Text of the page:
Back to the Bush
The Bushleaguer says he wants to outsource "non-critical" job functions that can be handled just as well by civilians. Unknown to many of us, he's already started down that path. Civilian "soldiers", as a matter of fact. And I'm just sure that DynCorp's substantial campaign donations had nothing, nothing, I tell you! to do with the $31,000,000.00 defense contract they were awarded.
GOP Senate control
The news that some folks think the GOP-Led Senate Won't Be a Pushover for Bush is good news. I just hope it proves to be true and I do think it will. While I do believe there's a moneyed elite in this country who are trying to lead us and pour economy in the way they think is best (Well, how else do you explain the man sitting in the White House?), I also believe that not every politician or wealthy corporation is a part of some kind of conspiracy. I think there are enough honest, or reasonably honest, people in Washington to keep
Cheney, I mean Bush, under control.
Admittedly I'd feel a lot more sanguine if the press were more reliable in terms of actually covering what's going on instead of parroting press releases, but you don't get great investigative journalism in Washington any more. Journalist's are all too scared of losing their "access" to rock the boat very hard.
For the past couple of days, I've been brooding over the idea that Bush/Cheney (maybe I should just start referring to the pair of them as Buney?) are trying to build a domestic "economic team" that reflects the supposed brilliance of their foreign affairs advisors.
I've been brooding over it because of an article I read by Alon Ben-Meir, Middle East Project director at the World Policy Institute, New York, and professor of International Relations at New York University. In this article, Mr. Ben-Meir was scathing about Buney's "road map to a Palestinian state" which he claimed had "become, as soon as it was made public, partly outdated, partly impractical and [...] will soon be partly irrelevant...."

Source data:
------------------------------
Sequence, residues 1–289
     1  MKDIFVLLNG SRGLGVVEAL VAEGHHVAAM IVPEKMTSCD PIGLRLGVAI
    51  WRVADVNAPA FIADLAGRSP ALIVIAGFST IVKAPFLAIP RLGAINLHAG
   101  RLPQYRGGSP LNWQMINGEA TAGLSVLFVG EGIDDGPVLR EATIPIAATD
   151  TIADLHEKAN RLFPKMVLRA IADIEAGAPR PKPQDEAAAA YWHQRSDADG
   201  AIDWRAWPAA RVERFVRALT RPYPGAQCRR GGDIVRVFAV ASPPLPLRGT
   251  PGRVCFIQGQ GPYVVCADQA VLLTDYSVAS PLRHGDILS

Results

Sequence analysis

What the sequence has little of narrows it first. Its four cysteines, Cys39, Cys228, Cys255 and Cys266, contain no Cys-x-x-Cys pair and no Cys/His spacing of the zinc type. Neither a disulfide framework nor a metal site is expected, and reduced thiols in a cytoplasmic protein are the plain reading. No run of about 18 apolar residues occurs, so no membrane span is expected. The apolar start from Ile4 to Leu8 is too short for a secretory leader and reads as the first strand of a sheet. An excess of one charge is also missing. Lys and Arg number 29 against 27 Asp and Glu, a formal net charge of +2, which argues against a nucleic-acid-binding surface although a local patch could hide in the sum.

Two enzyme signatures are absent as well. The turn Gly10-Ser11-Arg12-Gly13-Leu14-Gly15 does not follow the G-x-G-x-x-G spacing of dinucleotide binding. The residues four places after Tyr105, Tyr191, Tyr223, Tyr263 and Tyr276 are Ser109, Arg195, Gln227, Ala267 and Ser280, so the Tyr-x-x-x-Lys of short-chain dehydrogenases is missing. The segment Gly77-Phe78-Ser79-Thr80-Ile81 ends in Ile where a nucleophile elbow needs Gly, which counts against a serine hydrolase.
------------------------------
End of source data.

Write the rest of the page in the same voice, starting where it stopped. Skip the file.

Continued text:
Further, Ben-Meir denounced the plan, saying the, "document lacks decisive, bold steps and a coercive strategy to force a change in attitude in Israel, the Palestinian Authority[,] and such factions as Hamas and Islamic Jihad."
I'm failing to find the brilliance in this piece of foreign policy, okay?
The Push for War
I know it's been recommended elsewhere, repeatedly, but I still find Anatol Lieven's The Push for War the most incisive deconstruction of the Administration's determination to make war that I've read so far.
Oiling Buney's Wheels
And while everyone reviles the Bushleaguer's record on the environment and his ties to big oil (and quite rightly, in both cases), I wish we were all talking about the reason why these ties stay so tight, which is Cheney's long history of associating with oil companies with lousy track records on the environment and, not incidentally, human rights. The thing is, I'm not sure the BushBoy is the kind to stay bought, once you've paid his price, but I think Cheney probably is. He's got the face of a fanatic, anyhow, although I realize that's not a good measure of character.
For those few who might be wondering, I found this article while searching for on-line articles about Cheney's involvement with "COMPASS", the Committee to Preserve American Security and Sovereignty.
That's all for now. I'm brooding over term limits, but I don't have anything concrete to say about them yet.